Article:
Rivas v. 2ML Real Estate Interests Inc et al

Filing 11

MEMORANDUM AND ORDER entered: DENYING 3 Opposed MOTION to Remand. (Signed by Judge Lee H Rosenthal) Parties notified.(LisaEddins, 4)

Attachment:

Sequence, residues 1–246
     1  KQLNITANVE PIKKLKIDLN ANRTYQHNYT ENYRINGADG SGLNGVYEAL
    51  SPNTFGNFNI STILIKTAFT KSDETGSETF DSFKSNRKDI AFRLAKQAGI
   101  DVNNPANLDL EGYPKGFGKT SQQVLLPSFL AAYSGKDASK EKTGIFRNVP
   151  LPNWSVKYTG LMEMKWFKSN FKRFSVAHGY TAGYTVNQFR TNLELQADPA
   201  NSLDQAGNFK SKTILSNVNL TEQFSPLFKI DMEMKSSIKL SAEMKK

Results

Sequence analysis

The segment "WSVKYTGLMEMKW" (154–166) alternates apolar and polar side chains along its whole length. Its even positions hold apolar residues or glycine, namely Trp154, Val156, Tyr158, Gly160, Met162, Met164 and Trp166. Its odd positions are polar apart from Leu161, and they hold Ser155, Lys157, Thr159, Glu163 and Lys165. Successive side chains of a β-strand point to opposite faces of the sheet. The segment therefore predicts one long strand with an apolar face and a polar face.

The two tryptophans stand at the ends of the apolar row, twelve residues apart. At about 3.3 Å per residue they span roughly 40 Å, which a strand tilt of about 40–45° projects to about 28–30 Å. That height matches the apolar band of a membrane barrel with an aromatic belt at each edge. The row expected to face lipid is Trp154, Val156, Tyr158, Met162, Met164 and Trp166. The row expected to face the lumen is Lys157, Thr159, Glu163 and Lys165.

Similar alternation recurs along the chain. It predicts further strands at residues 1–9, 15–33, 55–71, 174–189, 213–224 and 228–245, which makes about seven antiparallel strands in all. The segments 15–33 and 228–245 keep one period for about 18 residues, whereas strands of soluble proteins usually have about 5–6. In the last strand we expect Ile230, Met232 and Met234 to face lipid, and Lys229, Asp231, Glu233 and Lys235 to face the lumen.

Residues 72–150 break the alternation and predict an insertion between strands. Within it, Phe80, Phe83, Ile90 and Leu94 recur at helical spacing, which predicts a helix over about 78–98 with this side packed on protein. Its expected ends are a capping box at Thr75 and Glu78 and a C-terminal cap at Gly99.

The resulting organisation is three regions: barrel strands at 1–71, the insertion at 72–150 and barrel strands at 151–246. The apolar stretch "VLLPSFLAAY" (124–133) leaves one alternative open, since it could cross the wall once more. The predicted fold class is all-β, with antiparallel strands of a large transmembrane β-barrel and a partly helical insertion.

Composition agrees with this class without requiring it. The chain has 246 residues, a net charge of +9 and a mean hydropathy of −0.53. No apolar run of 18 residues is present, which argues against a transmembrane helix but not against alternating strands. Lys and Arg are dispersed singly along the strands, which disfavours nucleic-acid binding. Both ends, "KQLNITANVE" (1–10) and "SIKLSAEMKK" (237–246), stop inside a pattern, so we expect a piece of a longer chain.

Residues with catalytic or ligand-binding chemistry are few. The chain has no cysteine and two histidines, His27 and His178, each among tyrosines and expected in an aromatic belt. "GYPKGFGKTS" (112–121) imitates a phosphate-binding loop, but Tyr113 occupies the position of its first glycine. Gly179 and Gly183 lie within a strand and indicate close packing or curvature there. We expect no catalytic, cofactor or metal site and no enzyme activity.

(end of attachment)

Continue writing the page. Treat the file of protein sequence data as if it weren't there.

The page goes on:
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United States District Court Southern District of Texas ENTERED IN THE UNITED STATES DISTRICT COURT FOR THE SOUTHERN DISTRICT OF TEXAS HOUSTON DIVISION JAVIER RIVAS, Plaintiff, v. 2ML REAL ESTATE INTERESTS, INC., et al., Defendants. § § § § § § § § § § § November 13, 2023 Nathan Ochsner, Clerk CIVIL ACTION NO. H-23-3058 MEMORANDUM AND ORDER On June 19, 2022, Javier Rivas slipped and fell on a puddle of water and blood at a Fiesta Mart in Houston. (Docket Entry No. 1-2 at 3). Rivas sued the property owner, 2ML Real Estate Interests, Inc., asserting negligence, premises liability, and respondeat superior claims. (Docket Entry No 1-2). 2ML Real Estate answered that they lacked possession and control of the premises at the time of the incident, (Docket Entry No. 1-2 at 22). Rivas amended his complaint to add Fiesta Mart, LLC, the store where the incident occurred, and Sayda Reyes, the store manager. (Docket Entry No. 1-2 at 17). Fiesta Mart removed to federal court, alleging that 2ML Real Estate and Sayda Reyes, the non-diverse defendants, were improperly joined. (Docket Entry No. 1 at 2–3). Rivas moved to remand on the basis that Sayda Reyes was properly joined. (Docket Entry No. 3 at 1). Based on the parties’ briefs, the record, and the relevant law, the court denies Rivas’s motion to remand. The reasons for this ruling are set out below. I. The Legal Standard for Remand “To remove a case based on diversity, the diverse defendant must demonstrate that all of the prerequisites of diversity jurisdiction contained in 28 U.S.C. § 1332 are satisfied.” Smallwood v. Ill. Cent. R.R. Co., 385 F.3d 568, 572 (5th Cir. 2004) (en banc). “A case may be removed pursuant to 28 U.S.C. § 1332 if there is complete diversity of citizenship and the amount in controversy is greater than $75,000 exclusive of interests and costs.” Allen v. Walmart Stores, L.L.C., 907 F.3d 170, 183 (5th Cir. 2018). “[I]f the plaintiff improperly joins a non-diverse defendant, then the court may disregard the citizenship of that defendant, dismiss the non-diverse defendant from the case, and exercise subject matter jurisdiction over the remaining diverse defendant.” Flagg v. Stryker Corp., 819 F.3d 132, 136 (5th Cir. 2016). “Improper joinder can be established in two ways: “(1) actual fraud in the pleading of jurisdictional facts, or (2) inability of the plaintiff to establish a cause of action against the non-diverse party in state court.” Ticer v. Imperium Ins. Co., 20 F.4th 1040, 1045 (5th Cir. 2021). The Fifth Circuit has held that: [i]mproper joinder occurs when a plaintiff is unable “to establish a cause of action against the non-diverse party in state court.” The test is whether there is “no possibility of recovery by the plaintiff against an in-state defendant” or “no reasonable basis for [predicting recovery] against an in-state defendant.” To determine if there was improper joinder, the district court may conduct a Rule 12(b)(6)-type analysis, “looking initially at the allegations of the complaint to determine whether the complaint states a claim under state law against the in-state defendant. Ordinarily, if a plaintiff can survive a Rule 12(b)(6) challenge, there is no improper joinder.” Id. at 1046 (footnotes and citations omitted). “The burden of persuasion on those who claim improper joinder is a heavy one.” Davidson v. Georgia-Pacific, L.L.C., 819 F.3d 758, 765 (5th Cir. 2016) (alteration omitted) (quoting Travis v. Irby, 326 F.3d 644, 649 (5th Cir. 2003)). “Any ambiguities are construed against removal because the removal statute should be strictly construed in favor of remand.” Manguno v. 2 Prudential Prop. & Cas. Inc., 276 F.3d 720, 723 (5th Cir. 2002) (citing Acuna v. Brown & Root, Inc., 200 F.3d 335, 339 (5th Cir. 2000)). II. Analysis Rivas sues Reyes, the store manager, for negligence based on her independent duty to ensure that “the store she managed was safe for invitees,” failure to “rectify the unreasonably dangerous condition that her mismanagement at the store helped to create,” and failure to “clean[] and/or warn[] of the unreasonably dangerous condition[.]” (Docket Entry No. 1-2 at 17). In his motion to remand, Rivas argues that Reyes was properly joined because she is liable, in her individual capacity, for creating the conditions that led to Rivas’s injuries. (Docket Entry No. 3 at 1). Fiesta Mart argues that Rivas has not pleaded any facts showing that Reyes personally created the dangerous condition and so cannot sustain a claim based on an independent duty of care. (Docket Entry No. 6 at 3, 10). Under Texas law, “[a] corporate officer or agent can be liable to others, including other company employees, for his or her own negligence.” Leitch v. Hornsby, 935 S.W.2d 114, 117 (Tex. 1996). An employee’s individual liability arises when the employee “owes an independent duty of reasonable care to the injured party apart from the employer’s duty.” Id. For example, an employee “whose negligence causes an auto accident may be held individually liable along with his or her employer when driving in the course and scope of employment,” because the employee “owes a duty of reasonable care to the general public[.]” Id. Courts have held that if an “employee played a personal and active role in creating the dangerous condition at issue, then an independent duty of care existed, recovery was possible, and remand was appropriate.” Champion v. Wal-Mart Stores of Texas, LLC, No. 5:16-CV-112, 2016 WL 1226942, at *3 (W.D. Tex. Mar. 24, 2016). 3 Courts have found that a store manager or employee owes an independent duty of care to a business-invitee plaintiff when the employee is personally involved in creating the dangerous condition that injured the plaintiff. In Salcedo v. Albertson’s LLC, No. 19-CV-137, 2019 WL 13194255, at *1 (W.D. Tex. Nov. 7, 2019), the plaintiff was injured by a box that fell on his head when he retrieved a product from a freezer. The court found that the defendant employee owed an independent duty of care to the plaintiff because, in failing to stack the boxes properly, the employee had a “direct” and “personal” role in creating the dangerous situation that injured the plaintiff. Id. at *4–*5. See, e.g., Lopez-Monroy v. Wal-Mart Stores Texas, LLC, No. 3:19-CV00051, 2019 WL 3302615, at *5 (S.D. Tex. July 23, 2019) (an employee had an independent duty of care to the plaintiff because she created the dangerous condition through her operation of the forklift); Land v. Wal-Mart Stores of Texas, LLC, No. 14-CV-009, 2014 WL 585408, at *1, *4 (W.D. Tex. Feb. 13, 2014) (the defendant employee had an independent duty of care to the plaintiff because his operation of the floor-cleaning machines created the dangerous condition). By contrast, in Padilla v. Wal-Mart Stores Texas, LLC, No. 19-CV-004, 2019 WL 2565260 (W.D. Tex. Apr. 9, 2019), the plaintiff sued Wal-Mart and a Wal-Mart store manager for injuries incurred when she slipped and fell at the store. Id. at *1. The court held that the manager was improperly joined because the manager did not cause the slippery floor and did not participate in an act or omission that led to the plaintiff’s fall. Id. at *3; see, e.g., Molina v. Wal-Mart Stores, Texas, LLC, No. 18-CV-1273, 2019 WL 410392, at *4 (W.D. Tex. Feb. 1, 2019) (store managers did not owe an independent duty of care to the plaintiff because the petition did not allege that the store managers created the dangerous situation); Lyle v. 24 Hour Fitness, USA, Inc., No. 14-CA300, 2014 WL 5094126, at *5 (W.D. Tex. Oct. 10, 2014) (a store manager did not have an independent duty of care to the plaintiff because the plaintiff failed to prove the manager’s personal 4 involvement in creating the dangerous conditions even though the manager had “control, and/or supervision of the premises[.]”). Rivas cites to In re Butt, 495 S.W.3d 455, 465 (Tex. App.—Corpus Christi 2016, no pet.), in which the plaintiff sued the store’s corporate officials for injuries sustained after he slipped and fell while shopping at the store. Id. at 458. But the court in In re Butt ultimately found that the corporate officers did not owe an independent duty of care to the plaintiff because they had not “personally created the allegedly dangerous condition at issue . . . a wet floor.” Id. at 466. Similarly, there are no facts alleged to support a finding that Reyes personally created or placed the mixture of water and blood on the floor that caused the dangerous condition. Rivas generally pleads that “[t]he duty of care that [Rivas] has pled was breached by . . . Reyes, derives from her personal, individualized participation and directing of the employees she manages in creating and causing the specific danger that was a substantial factor in bringing about Plaintiff’s injuries and damages.” (Docket Entry No. 3 at 7). But Rivas does not allege any information or facts about what Reyes personally did to create the dangerous condition beyond this conclusory claim. The record does not support a finding that Reyes placed the mixture of water and blood where Rivas fell or that Reyes was personally involved in causing the allegedly dangerous condition. Rivas cannot sustain a claim against Reyes on the pleadings. Rivas’s motion to remand, (Docket Entry No. 3), is denied. SIGNED on November 13, 2023, at Houston, Texas. ________________________________ Lee H. Rosenthal United States District Judge 5